Many airports have arrival guides on their websites. We highly recommend students research the airport they will be landing in to get themselves familiar. The 10 most frequently accessed airports in Canada are:
- Toronto Pearson International Airport (Toronto, ON)
- Vancouver International Airport (Vancouver, BC)
- Montréal–Pierre Elliott Trudeau International Airport (Montreal, QC)
- Calgary International Airport (Calgary, AB)
- Edmonton International Airport (Edmonton, AB)
- Ottawa Macdonald–Cartier International Airport (Ottawa, ON)
- Winnipeg James Armstrong Richardson International Airport (Winnipeg, MB)
- Halifax Stanfield International Airport (Halifax, NS)
- Kelowna International Airport (Kelowna, BC)
- Victoria International Airport (Victoria, BC)
Airport Pick-Up and Transportation
Students will need to arrange their own transportation from the airport to their accommodation. Students are also responsible for arranging their own transportation to and from the campus daily.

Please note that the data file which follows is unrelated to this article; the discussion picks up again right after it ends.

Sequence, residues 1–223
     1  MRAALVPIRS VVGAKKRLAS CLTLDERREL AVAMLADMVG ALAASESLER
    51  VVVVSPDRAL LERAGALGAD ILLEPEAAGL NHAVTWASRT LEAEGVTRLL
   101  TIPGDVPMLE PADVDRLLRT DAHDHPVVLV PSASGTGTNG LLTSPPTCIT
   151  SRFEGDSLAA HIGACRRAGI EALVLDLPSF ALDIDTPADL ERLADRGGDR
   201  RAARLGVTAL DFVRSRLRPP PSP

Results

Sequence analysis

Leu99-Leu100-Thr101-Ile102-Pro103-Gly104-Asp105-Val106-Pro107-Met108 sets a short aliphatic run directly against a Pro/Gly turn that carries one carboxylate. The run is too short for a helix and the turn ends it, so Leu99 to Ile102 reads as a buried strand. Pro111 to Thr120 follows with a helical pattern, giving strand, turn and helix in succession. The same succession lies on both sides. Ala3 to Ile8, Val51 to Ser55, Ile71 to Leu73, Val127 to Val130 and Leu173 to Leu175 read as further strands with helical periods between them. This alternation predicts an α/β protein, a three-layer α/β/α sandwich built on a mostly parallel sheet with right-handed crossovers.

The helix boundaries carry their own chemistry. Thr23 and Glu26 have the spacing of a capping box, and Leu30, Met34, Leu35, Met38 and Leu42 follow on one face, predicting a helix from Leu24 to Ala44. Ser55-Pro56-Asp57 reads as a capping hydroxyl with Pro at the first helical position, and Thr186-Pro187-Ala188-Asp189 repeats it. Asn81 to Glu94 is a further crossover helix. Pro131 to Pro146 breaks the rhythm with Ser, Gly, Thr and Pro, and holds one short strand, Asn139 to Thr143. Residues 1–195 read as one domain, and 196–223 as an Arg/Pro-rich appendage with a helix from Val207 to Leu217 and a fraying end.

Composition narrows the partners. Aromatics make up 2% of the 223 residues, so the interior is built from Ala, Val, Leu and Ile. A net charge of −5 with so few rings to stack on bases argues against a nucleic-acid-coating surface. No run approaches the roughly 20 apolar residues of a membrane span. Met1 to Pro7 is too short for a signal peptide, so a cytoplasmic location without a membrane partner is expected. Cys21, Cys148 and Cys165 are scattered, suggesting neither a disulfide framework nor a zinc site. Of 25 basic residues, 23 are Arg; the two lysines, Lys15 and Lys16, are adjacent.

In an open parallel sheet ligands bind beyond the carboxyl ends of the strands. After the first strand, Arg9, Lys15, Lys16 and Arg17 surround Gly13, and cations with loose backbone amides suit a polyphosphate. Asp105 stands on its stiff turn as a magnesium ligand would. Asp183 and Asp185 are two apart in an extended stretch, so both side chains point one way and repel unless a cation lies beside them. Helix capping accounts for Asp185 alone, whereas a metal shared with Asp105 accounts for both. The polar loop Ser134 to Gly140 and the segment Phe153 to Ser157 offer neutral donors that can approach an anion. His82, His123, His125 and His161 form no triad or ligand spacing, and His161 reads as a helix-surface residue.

Available Transportation Options
- Taxi: Students can arrange a local taxi to pick you up. Simply search for local companies on Google. Most airports also have a designated area where visitors can get a taxi; no prior booking required.
- Uber and Lyft: Both mobile transportation applications are widely used in Canada. However, there are some limitations on where one can be picked up at the airport. View ride availability by searching within the apps.
- Private/Rental Car: Students can rent a car at the airport provided that they have a valid driver’s license. Many car rental companies, such as Avis, Enterprise, and Budget have offices at the airport. Students should make a reservation prior to their arrival to ensure a car that fits their needs and budget will be available.
Students can pay for their transportation at the end of the ride using a debit or credit card that works in Canada, or in cash with Canadian currency. If the transportation was pre-booked, students can often also pay through the transportation provider’s website or through their smartphone app.